New York, Park & 75
Self-portraiture, which Sweeney has equated to “working as your own analyst,” has been a persistent genre within his work. In both abstract and figurative modes, he weaves between recognizable human consciousness and expression. While Sweeney paints himself from photographs and mirrors, other personalities and influences of indeterminate gender and style begin to pervade his self-depictions. The artist appears as a social creature, subject to the influence of others, as well as to the forces of environment and lifestyle. The imagery of these new works jumps between different styles with an irreverent resistance to strict categorization.
For twenty years, Sweeney has been a vital presence in the art, nightlife, and music of New York City. As musician and performance artist, he was a member of the seminal noise-art group Actress. As a painter and visual artist, he makes collages, paintings, self-portraits, and drawings, as well as environments and immersive experiences, such as the 2010 show in which he moved his living quarters into a gallery space and installed himself alongside the art objects on view. With Self-Portraits, he brings a humorous pathos to the act of introspection.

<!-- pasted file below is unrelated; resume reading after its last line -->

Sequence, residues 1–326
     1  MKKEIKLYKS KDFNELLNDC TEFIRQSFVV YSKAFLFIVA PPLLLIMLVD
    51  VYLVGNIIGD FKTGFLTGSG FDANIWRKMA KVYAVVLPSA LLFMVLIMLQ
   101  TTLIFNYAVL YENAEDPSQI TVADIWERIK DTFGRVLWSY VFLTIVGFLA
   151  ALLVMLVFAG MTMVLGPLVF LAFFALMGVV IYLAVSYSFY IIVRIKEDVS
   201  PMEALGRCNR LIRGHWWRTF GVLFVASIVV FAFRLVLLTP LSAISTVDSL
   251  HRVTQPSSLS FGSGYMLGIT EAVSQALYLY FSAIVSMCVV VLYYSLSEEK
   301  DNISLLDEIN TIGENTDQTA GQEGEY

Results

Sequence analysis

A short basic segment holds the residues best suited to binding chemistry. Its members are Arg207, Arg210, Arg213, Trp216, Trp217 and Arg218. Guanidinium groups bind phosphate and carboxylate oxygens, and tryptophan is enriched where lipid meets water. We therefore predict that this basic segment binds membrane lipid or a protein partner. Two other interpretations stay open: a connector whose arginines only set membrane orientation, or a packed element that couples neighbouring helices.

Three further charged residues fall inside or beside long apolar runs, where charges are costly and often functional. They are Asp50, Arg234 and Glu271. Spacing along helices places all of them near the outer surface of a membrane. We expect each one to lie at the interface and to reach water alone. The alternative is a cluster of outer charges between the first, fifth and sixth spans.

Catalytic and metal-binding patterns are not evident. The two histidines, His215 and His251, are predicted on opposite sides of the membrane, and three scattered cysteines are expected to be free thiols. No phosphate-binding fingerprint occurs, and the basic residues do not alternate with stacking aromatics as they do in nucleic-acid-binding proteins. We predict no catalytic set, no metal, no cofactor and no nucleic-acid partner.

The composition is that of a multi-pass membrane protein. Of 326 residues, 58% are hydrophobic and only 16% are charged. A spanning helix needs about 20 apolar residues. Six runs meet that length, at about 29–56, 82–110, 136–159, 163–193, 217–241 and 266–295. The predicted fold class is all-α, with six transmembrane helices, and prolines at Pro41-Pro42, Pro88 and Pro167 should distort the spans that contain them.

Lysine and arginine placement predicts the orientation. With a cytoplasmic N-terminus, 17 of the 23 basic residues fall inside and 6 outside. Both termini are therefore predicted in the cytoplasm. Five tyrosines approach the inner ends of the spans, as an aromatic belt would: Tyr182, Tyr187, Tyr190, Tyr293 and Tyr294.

This new group of works comes right after Headz, his collaboration with Urs Fischer on a temporary, underground, word-of-mouth art studio in Lower Manhattan, where artists—both known and amateur; adults, students, teenagers—came together to make pictures of human heads, resulting in a collage-like portrait of a specific time and place. Headz also became a hub for improvisational jazz, and hosted performances by Lonnie Plaxico, Jay Rodriguez, Craig Harris, and Pheeroan akLaff. Sweeney’s engagement with “availablism”—a term coined by performance artist Kembra Pfahler to describe making art using what’s around you—pervades his portraiture as if psychological territory is being physically mapped onto the canvas. His ludic and anarchic self-portraits show a multiplicity of selves, interwoven with an examination of the creative process itself.